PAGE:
When the year-end holiday is over, many employers and employees are busy dealing with the issue of annual leave. Under the Employment Ordinance, is it feasible to use salary in lieu of employees taking annual leave? Many people will question whether part-time employees are also protected by the Employment Ordinance and can enjoy paid annual leave?
This article will summarize the common issues related to paid annual leave, and dismantle them one by one, hoping that employees can learn more about labor laws and protect their annual leave rights.
Is it feasible to use salary in lieu of employees taking annual leave?
Under the regulation of the Employment Ordinance, employers are not allowed to include any clauses in employment contracts that cause employees to waive all or part of their annual leave, including the payment of wages in lieu of annual leave.
However, if the employee agrees, the law still allows the employee to choose to accept all terms of the annual leave in lieu of money, but only for more than 10 days and the remaining part of the annual leave. For example, an employee who is eligible for 14 days of paid annual leave may decide to take 10 days of annual leave and accept the payment of wages equivalent to 4 days of paid annual leave in lieu.
Can part-time workers also enjoy paid annual leave?
Under the protection of Hong Kong’s labor law, Chapter 57 of the Employment Ordinance stipulates that whether it is a “temporary worker”, “part-time worker”, “alternative worker” or “long-term worker”, if they are continuously employed by the same employer for 4 weeks or more, a minimum of 18 hours of work per week; or paid annual leave after 12 months of employment.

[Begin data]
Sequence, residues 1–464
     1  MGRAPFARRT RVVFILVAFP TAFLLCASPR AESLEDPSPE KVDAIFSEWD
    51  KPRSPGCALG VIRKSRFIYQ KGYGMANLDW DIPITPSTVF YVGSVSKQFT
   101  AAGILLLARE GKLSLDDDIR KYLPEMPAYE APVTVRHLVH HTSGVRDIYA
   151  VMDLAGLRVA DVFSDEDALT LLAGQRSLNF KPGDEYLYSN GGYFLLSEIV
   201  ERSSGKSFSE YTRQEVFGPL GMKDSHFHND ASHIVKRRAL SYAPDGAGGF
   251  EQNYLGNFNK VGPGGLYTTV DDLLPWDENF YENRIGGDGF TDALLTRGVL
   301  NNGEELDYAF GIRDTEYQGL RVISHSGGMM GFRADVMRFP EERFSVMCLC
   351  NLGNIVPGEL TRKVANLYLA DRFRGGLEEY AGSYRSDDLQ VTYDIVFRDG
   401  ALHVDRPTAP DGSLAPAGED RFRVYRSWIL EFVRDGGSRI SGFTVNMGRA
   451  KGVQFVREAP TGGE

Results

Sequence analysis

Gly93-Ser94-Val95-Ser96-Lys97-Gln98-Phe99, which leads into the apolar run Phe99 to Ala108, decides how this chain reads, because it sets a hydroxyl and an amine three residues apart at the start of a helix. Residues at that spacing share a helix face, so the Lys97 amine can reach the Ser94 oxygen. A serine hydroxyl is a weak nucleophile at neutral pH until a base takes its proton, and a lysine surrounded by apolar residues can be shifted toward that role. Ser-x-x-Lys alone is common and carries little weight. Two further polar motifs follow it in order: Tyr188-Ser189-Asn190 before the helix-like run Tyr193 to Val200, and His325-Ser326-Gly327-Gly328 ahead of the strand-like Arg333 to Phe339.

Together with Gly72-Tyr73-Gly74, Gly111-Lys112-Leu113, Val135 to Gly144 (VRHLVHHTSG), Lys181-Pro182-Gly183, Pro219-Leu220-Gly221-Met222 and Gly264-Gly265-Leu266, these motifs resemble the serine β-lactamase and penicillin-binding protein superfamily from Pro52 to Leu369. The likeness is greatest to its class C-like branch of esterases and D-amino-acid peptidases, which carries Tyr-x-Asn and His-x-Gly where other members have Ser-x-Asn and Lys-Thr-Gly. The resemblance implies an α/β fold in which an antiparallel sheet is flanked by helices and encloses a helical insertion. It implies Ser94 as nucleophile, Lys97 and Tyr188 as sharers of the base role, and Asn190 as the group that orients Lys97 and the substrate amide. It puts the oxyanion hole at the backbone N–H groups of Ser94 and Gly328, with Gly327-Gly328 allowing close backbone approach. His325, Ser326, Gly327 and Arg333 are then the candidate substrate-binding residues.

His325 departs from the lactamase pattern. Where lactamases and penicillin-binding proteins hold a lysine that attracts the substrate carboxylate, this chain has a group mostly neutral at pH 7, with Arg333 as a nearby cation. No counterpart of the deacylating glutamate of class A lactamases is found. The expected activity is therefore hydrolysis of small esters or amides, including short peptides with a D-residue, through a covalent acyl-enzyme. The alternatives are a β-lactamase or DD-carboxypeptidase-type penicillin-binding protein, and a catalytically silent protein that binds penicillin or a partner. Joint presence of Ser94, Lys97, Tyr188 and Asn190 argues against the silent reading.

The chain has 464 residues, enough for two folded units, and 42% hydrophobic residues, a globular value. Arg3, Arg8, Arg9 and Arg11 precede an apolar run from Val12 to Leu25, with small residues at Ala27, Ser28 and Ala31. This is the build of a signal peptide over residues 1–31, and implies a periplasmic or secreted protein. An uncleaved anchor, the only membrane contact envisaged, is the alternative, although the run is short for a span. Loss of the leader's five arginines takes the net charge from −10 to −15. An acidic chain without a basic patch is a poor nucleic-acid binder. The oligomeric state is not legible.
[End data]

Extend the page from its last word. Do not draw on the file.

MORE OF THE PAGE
Under this level of protection, regardless of the job title they are employed in, they are entitled to payment of wages and entitlement to statutory holidays, including rest days, sick leave, maternity leave, paternity leave, work-related sick leave, or with their consent. vacation paid annual leave and sickness allowance.
Can an employer deduct paid annual leave if the employer suddenly goes out of business?
The Employment Ordinance stipulates that once an employer decides to temporarily suspend all or part of the business due to operational problems, it can be regarded as “annual leave closure”, such as closure for renovations. Employers are also required to notify all employees in writing one month before the incident, and to display the notice of closure at the business premises. To avoid disputes, it is best to list the names and dates of the release of the employees.
If an employee is not eligible for the above-mentioned annual leave pay but is suspended from work due to temporary closure, the employee shall be entitled to annual leave and annual leave pay throughout the period of closure.
If the employee’s entitlement to annual leave is more than the period of suspension, the employer should allow the employee to take the excess paid annual leave from the first working day after the resumption of business.
If the employer has temporarily closed in whole or in part due to the annual leave, the common holiday year designated by the employer will not be changed due to the closure of the annual leave, because the annual leave granted should belong to the common holiday year immediately before the closure.
Can the days of paid annual leave be accumulated?
Generally, in the employment contract agreed by both parties, the accumulation mechanism of paid annual leave will be stipulated, which will vary depending on the length of service and the company system, and most of them are negotiable.
However, from the case of recovering paid annual leave, it is found that if the paid annual leave is not defined as “unaccumulated” in the employment contract, ordinary employees can recover the untaken annual leave when they leave the company. The retrospective period is limited to 7 years.
The above information is for reference only.